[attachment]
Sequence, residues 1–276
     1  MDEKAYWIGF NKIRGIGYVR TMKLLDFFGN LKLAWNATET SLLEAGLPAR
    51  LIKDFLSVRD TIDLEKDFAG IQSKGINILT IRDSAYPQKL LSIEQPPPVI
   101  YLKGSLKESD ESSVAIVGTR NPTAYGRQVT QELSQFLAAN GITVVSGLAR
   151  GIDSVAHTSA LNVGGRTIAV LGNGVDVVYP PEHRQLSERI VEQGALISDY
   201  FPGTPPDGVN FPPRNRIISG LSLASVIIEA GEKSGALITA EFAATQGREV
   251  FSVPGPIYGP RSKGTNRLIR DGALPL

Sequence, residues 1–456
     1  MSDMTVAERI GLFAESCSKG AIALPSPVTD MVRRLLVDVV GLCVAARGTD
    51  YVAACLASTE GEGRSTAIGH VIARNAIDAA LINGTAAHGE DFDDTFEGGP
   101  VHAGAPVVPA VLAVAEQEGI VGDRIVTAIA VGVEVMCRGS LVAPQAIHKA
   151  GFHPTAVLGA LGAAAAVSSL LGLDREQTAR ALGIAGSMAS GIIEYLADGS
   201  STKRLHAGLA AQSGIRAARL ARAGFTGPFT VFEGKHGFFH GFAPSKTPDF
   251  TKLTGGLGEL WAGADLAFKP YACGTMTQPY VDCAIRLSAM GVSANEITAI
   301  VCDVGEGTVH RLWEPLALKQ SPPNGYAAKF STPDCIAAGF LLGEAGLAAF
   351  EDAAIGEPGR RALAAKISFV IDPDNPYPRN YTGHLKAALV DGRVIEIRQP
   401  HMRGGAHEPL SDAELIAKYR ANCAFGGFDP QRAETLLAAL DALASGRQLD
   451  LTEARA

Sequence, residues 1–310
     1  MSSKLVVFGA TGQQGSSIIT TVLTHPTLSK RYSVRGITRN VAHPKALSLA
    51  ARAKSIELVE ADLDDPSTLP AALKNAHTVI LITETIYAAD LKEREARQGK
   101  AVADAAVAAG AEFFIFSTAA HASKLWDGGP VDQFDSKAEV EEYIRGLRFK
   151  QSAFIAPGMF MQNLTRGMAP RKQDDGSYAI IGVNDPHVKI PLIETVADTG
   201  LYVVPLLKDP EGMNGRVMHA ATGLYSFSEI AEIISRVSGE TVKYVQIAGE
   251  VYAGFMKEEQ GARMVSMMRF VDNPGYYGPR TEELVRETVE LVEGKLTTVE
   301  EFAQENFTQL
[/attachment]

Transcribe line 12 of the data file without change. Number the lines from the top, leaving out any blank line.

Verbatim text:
   151  GFHPTAVLGA LGAAAAVSSL LGLDREQTAR ALGIAGSMAS GIIEYLADGS